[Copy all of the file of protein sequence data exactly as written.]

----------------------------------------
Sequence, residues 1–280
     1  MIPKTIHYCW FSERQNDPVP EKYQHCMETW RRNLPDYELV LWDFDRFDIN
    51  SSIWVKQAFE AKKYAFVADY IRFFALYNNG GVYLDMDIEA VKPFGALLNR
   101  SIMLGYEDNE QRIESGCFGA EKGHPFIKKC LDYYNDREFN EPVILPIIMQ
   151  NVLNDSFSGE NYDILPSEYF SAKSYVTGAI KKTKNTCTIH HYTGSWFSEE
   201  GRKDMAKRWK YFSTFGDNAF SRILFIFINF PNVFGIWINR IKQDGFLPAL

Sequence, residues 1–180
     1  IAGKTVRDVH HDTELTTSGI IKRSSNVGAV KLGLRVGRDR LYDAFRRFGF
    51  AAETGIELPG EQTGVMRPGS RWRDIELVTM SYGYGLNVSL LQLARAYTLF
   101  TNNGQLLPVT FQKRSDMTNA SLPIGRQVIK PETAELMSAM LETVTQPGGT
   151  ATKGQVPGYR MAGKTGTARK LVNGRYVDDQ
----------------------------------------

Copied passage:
Sequence, residues 1–280
     1  MIPKTIHYCW FSERQNDPVP EKYQHCMETW RRNLPDYELV LWDFDRFDIN
    51  SSIWVKQAFE AKKYAFVADY IRFFALYNNG GVYLDMDIEA VKPFGALLNR
   101  SIMLGYEDNE QRIESGCFGA EKGHPFIKKC LDYYNDREFN EPVILPIIMQ
   151  NVLNDSFSGE NYDILPSEYF SAKSYVTGAI KKTKNTCTIH HYTGSWFSEE
   201  GRKDMAKRWK YFSTFGDNAF SRILFIFINF PNVFGIWINR IKQDGFLPAL

Sequence, residues 1–180
     1  IAGKTVRDVH HDTELTTSGI IKRSSNVGAV KLGLRVGRDR LYDAFRRFGF
    51  AAETGIELPG EQTGVMRPGS RWRDIELVTM SYGYGLNVSL LQLARAYTLF
   101  TNNGQLLPVT FQKRSDMTNA SLPIGRQVIK PETAELMSAM LETVTQPGGT
   151  ATKGQVPGYR MAGKTGTARK LVNGRYVDDQ